Antioxidants are substances which facilitate the evaporation of molecules to produce free revolutionaries. As a result, these substances serve as essential additives in edible products and in fuels as oxidative inhibitors. Additionally, antioxidants decrease the risk of few diseases in humans. These cause people to consume more naturally occurring antioxidants, which are better for their health. The production of antioxidant compounds uses a variety of food industry wastes, such as peel extract, seed pods and more. Numerous antioxidant substances, like ascorbic acid, α-tocopherol and rosemary extract, were currently utilized by food sector, primarily by way of additives which were approved by regulations. However, today’s biggest challenge is finding components with the similar capability in waste, demonstrating its functionality as well as safety before introducing them into the food system. Any by-product, such as overripe berries, unsuitable fruit, peels, pomace and seeds, can be viewed as a valuable source of new antioxidant food additives.

Amylases: This type of enzyme converts starch into less complex sugars like maltose, maltotriose and glucose. Recent studies have shown that the activity of Aspergillus Niger routinely uses banana skin for the assembly of amylases.

Cellulase: Cellulase an endocellulase, exocellulase and -glucosidase complex enzyme. The sequential actions of those enzymes result in the complete hydrolysis of the cellulose. These enzymes are essential for the hydrolysis of biomass. The analysis found the potential use of paper and soybean hulls as supports in Aspergillus Niger’s solid-state fermentation to develop cellulase. The soybean hulls utility produces inclined volumetric productivity in a small span of, which can improve the overall economics of the process.

Protease: Protease is an enzyme that speedup the protein hydrolysis. Its application was widely available in medicinal, food and cleansing agent ie., detergent industries. Waste bread slices were used for protease production by Aspergillus awamori by a packed-bed reactor. Research indicates the capability of wasted bread being possible for the production of protease.   Bread is a perfect substratum for solid-state fermentation which forms major garbage in numerous countries. Presently, these wasted breads were dumped in landfilling that leads to production of methane by anaerobic digestion. Methane deliberates 21 times higher heating potential when compared to CO2. Thus, waste utilization and value addition look promising with respect to economic and ecological benefits.

QUERCETIN: A widespread flavonoid found in fruits and vegetables is quercetin, frequently added as a supplement to foods and drinks. These substances are adequately used to treat conditions like cancers of the kidney, colon, breast, etc. One of the main waste products from processed onions may be onion processing waste. A method for turning onion skin scraps into quercetin was developed. Cellulase, pectinase, and xylanase were used in a cocktail to enzymatically saccharify the waste onion skin. The extraction of quercetin might be increased 1.61 times by enzymatic saccharification. For the simple separation and purification of quercetin, a completely unique magnetic matrix was employed.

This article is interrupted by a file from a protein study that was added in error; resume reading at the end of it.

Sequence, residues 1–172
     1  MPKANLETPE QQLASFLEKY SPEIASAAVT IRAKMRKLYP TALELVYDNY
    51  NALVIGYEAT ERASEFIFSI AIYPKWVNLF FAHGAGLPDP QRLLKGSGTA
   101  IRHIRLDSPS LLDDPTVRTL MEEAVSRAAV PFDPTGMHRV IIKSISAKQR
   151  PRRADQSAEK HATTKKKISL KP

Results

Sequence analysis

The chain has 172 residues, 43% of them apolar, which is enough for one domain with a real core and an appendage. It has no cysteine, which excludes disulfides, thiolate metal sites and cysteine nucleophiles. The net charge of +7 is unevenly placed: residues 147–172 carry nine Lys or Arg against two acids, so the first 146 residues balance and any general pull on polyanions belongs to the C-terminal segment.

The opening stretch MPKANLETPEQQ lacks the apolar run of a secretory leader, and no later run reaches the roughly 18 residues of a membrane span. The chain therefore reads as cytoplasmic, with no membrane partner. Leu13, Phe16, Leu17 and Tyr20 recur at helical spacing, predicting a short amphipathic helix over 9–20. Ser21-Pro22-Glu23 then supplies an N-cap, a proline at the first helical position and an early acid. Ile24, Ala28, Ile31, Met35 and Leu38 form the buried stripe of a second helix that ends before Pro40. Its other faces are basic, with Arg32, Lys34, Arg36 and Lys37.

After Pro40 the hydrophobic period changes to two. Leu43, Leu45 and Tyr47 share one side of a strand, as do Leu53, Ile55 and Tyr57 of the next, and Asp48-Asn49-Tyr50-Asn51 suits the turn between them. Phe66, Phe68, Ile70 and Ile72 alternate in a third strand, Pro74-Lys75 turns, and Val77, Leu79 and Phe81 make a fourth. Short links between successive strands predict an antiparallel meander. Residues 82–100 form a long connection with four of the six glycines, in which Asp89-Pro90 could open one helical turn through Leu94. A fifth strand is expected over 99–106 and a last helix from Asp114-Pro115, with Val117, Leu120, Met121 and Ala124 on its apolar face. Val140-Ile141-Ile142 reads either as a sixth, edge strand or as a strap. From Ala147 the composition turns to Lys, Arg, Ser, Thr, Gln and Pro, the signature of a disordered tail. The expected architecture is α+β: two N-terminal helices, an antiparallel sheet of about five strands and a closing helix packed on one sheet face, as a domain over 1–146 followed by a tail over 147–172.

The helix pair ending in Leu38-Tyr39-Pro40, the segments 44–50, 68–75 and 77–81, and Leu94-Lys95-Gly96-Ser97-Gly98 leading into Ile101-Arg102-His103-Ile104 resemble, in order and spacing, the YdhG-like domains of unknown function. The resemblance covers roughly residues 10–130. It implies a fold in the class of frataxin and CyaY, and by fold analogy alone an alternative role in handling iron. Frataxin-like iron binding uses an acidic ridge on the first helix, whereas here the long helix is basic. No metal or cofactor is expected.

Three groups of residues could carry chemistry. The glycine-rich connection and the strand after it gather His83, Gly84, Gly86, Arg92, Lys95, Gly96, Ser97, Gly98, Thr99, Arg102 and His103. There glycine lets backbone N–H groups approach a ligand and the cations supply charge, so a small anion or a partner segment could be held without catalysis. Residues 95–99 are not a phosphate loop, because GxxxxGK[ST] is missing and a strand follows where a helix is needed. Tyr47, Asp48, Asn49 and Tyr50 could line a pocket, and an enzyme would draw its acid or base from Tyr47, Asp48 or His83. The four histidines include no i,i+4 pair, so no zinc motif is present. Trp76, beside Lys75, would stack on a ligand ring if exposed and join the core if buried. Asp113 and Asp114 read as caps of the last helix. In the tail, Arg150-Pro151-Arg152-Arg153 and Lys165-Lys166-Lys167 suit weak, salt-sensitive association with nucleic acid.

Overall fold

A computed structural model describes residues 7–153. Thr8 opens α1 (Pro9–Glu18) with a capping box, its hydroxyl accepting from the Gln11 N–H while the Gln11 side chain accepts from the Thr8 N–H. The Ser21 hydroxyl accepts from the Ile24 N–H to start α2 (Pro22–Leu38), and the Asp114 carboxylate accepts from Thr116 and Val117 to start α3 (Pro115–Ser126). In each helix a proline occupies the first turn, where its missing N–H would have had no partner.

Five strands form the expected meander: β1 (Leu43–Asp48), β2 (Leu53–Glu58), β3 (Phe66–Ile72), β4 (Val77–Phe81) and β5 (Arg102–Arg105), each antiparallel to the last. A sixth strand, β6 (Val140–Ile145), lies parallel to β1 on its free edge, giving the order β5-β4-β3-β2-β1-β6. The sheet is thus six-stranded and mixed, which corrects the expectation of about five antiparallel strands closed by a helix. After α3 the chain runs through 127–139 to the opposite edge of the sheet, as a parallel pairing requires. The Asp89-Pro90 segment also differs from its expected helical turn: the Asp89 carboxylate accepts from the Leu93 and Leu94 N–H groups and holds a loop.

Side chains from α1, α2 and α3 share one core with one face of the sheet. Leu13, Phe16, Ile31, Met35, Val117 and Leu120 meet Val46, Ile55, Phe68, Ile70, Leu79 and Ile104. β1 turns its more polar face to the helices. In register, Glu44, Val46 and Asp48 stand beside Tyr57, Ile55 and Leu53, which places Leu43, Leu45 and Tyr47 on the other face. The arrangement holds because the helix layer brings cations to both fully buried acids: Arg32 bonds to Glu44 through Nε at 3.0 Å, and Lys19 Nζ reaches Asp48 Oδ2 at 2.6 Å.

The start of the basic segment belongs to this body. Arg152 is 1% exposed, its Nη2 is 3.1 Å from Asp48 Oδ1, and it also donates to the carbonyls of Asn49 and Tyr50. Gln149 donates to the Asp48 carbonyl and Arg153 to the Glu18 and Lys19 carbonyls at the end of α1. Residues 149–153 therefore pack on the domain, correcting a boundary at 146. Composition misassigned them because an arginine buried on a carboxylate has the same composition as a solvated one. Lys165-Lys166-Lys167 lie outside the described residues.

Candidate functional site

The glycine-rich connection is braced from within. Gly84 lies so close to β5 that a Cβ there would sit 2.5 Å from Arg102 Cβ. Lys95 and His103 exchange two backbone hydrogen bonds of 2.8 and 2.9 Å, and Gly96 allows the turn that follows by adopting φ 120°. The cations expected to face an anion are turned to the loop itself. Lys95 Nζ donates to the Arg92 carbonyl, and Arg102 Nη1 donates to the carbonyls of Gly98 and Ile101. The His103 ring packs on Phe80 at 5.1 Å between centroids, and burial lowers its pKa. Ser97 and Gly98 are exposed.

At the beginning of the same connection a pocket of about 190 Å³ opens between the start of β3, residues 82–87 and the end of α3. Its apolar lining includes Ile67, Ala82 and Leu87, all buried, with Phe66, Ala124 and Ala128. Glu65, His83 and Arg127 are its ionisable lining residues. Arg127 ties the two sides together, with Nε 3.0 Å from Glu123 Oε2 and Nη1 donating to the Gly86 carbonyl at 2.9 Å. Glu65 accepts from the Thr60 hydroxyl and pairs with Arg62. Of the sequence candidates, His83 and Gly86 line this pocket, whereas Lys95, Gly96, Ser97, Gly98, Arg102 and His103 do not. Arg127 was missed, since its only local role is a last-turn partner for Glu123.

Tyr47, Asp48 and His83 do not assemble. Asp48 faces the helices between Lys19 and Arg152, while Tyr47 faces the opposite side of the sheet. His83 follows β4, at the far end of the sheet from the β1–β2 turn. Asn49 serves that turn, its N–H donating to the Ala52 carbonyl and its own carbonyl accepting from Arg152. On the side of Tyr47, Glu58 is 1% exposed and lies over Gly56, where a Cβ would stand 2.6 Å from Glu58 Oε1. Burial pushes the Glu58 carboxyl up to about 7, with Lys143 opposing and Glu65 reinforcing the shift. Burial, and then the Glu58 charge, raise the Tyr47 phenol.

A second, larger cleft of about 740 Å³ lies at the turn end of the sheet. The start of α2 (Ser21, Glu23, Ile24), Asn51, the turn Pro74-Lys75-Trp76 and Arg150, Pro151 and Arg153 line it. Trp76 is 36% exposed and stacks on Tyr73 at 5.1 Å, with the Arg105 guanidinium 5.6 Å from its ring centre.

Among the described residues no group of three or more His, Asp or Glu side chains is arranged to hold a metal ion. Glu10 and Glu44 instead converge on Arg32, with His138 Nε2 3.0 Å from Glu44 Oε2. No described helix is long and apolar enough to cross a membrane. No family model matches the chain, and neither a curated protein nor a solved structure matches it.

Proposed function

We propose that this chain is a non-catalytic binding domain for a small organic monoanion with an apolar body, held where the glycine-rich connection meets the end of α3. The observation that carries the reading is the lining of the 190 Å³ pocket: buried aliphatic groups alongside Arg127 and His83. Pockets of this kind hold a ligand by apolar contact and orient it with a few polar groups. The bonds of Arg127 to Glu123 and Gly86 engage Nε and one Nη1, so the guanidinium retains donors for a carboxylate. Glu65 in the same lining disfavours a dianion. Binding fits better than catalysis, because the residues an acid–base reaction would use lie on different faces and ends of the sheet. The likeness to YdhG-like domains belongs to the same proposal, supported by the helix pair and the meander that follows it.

Table 1: Fruits and vegetables by-products – sources and Extraction techniques

Compound Class

By- Product

Extraction Technique


Cake- Apricot kernel 

Alkaline solubilisation and acid precipitation



Peels- citrus and apple pomace

Supercritical water extraction


Seed – grape

Pressurized carbon dioxide extraction – Solvent – CO2 

Co-solvent -ethanol


Tomato- pomace and skin



Potato peels and tubers





Orange peels

Apple pomace



Enzymatic- assisted extraction /solvent extraction


Pressurized liquid extractor

Solid-liquid extraction

Ultrasonication extraction




Supercritical fluid extraction


Tomato- pomace and skin

Citrus peel

Enzyme-assisted extraction

Ultrasound assisted extraction

Essential oils

Citrus peel

Solid-liquid extraction



India being the second largest producer of fruits and vegetables lacks in post-harvest handling. Though during processing, it produces numerous by-products which has the potential to make into use for various application. The bioactive components extracted from by-products of fruit and vegetable processing sector is now becoming trend and reduce effluent treatment difficulties. It also effects in reduction of carbon foot printing to some extent. Thus, waste utilization and value addition for large scale application has to be strengthened and also the regulations have to be enforced for the same.  This also leads to application in new product development with enriched nutrient, structural modification of food, minimize waste from Fruits and vegetables Industry, possibly 3D printing of food/plate and to formulate targeted drug/ nutrient delivery system using nanotechnology.  

1 III Year B. Tech, Food Technology, National Institute of Food Technology, Entrepreneurship and Management, Thanjavur.

2 Research Scholar, Food Science and Technology, National Institute of Food Technology, Entrepreneurship and Management, Thanjavur.

3 Professor and Head, Department of Food Product Department, National Institute of Food Technology, Entrepreneurship and Management, Thanjavur.